On the 15th January at around 3pm local time there was an armed attack on the Dusit Hotel in Nairobi, Kenya.

At this time we can confirm that all our staff members are safe and accounted for. However, we are deeply saddened to hear that a number of colleagues have lost friends. Our thoughts are with them all at this difficult time.

There has been a public appeal to donate blood at local hospitals in Nairobi, we would encourage our employees and friends to do so where possible.


Trying to work out if the money spent on development projects has made a real difference is hard; when this money is directed at sensitive and intangible goals like countering violent extremism (CVE), this gets even harder. CVE programmes, by nature, are designed with ambitious goals; they often seek to reduce or eliminate the violent extremist threat in a specific area, which is seemingly impossible to prove. So how, then, do we try to identify any sort of impact or changes in CVE programmes and attribute these changes to specific interventions?

Since inception, Wasafiri has understood profit as a goal secondary to achieving wider social value. Through the rigorous B-Corp certification process, this has now been formally recognised, joining the ranks of highly respected companies such as Patagonia and Ben & Jerry’s.

As practitioners of preventing violent extremism (PVE), our aim is to reduce the drivers and enablers of extremism, whatever they may be, and in doing so, reduce the willingness to engage in or support violent acts against ‘the other’. As empathy is traditionally associated with lower propensities towards violence, this has led to the fostering of empathy as a program goal in some PVE activities. Messaging and alternative narratives are often included in PVE programming in pursuit of this aim.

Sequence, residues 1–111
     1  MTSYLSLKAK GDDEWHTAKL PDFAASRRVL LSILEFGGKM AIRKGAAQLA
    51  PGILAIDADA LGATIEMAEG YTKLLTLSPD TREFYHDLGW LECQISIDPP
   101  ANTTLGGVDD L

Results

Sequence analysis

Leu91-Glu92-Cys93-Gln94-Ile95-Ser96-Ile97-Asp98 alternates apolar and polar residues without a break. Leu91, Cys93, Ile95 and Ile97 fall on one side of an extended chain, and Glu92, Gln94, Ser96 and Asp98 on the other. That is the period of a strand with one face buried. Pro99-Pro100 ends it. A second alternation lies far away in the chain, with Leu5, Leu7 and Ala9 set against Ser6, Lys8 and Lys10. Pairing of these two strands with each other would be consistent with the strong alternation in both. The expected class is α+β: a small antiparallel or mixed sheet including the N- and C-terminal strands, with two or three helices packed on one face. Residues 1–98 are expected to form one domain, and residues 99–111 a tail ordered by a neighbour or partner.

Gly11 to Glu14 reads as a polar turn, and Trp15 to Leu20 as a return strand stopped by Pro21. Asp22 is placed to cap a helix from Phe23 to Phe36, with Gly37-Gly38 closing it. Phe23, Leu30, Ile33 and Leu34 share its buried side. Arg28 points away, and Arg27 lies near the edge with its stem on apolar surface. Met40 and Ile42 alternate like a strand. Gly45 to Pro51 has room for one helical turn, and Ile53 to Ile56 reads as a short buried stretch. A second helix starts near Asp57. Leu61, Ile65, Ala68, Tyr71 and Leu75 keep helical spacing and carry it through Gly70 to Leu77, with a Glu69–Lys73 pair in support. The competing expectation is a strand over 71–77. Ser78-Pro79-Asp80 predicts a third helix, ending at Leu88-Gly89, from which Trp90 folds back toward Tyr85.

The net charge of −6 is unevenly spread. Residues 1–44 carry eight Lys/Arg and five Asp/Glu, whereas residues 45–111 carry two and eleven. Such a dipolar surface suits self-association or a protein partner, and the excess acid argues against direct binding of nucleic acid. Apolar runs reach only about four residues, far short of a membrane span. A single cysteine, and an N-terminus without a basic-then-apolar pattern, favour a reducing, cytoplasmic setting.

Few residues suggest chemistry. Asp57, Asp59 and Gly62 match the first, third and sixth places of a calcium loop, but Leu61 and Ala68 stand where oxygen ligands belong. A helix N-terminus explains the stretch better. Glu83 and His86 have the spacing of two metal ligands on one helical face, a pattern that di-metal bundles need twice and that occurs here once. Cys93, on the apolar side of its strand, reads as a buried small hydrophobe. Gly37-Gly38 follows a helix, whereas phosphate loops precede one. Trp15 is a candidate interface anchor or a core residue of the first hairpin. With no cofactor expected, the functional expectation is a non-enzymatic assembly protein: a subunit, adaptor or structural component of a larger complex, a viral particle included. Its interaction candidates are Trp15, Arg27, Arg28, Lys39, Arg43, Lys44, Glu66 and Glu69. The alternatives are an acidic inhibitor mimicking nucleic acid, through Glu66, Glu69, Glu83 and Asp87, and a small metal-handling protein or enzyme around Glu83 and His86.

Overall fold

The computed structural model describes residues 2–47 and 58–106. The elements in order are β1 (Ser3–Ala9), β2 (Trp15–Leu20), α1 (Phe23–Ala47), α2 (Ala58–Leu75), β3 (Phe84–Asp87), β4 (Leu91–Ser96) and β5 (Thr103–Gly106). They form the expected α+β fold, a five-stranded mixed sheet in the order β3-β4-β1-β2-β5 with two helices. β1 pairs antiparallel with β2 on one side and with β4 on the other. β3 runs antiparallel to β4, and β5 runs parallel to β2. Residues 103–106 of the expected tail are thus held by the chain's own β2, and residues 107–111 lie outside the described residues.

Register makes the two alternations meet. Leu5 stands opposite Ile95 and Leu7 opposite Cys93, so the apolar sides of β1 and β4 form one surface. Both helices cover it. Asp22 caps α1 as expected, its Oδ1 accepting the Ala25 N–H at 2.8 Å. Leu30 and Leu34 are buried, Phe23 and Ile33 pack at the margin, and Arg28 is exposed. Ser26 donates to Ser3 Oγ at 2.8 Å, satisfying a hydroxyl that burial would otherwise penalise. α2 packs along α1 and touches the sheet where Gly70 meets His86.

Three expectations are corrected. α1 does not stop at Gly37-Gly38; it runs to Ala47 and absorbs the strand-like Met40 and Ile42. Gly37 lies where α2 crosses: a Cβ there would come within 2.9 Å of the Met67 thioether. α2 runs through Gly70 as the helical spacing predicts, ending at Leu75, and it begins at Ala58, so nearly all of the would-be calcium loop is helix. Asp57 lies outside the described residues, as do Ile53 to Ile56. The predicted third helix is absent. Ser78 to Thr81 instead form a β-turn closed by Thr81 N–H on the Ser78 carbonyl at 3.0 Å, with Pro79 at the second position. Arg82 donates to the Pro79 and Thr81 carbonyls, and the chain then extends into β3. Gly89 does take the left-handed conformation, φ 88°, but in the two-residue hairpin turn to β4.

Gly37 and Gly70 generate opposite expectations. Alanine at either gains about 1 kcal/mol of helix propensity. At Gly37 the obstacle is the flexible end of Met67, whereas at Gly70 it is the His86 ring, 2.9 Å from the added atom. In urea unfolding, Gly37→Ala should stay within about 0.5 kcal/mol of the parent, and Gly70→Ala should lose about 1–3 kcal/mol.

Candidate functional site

Could a new initiative on graduation from poverty help eliminate extreme poverty in Kenya?

I’m heading out to Nairobi from London to help evolve how efforts to reduce poverty in Kenya are done. In the international development sector, and in the business world, improving the incentives for a large number of organisations to work together, and helping leaders in those organisations navigate a complex landscape that works better for the whole, can add genuine value.

What do you do when faced with a problem so vast so complex and so confusing that you can’t really work out what’s going on and have little idea what to do or where to start? The short easy answer is – you don’t work on it; the longer, harder answer is you work on the conditions that create the problem.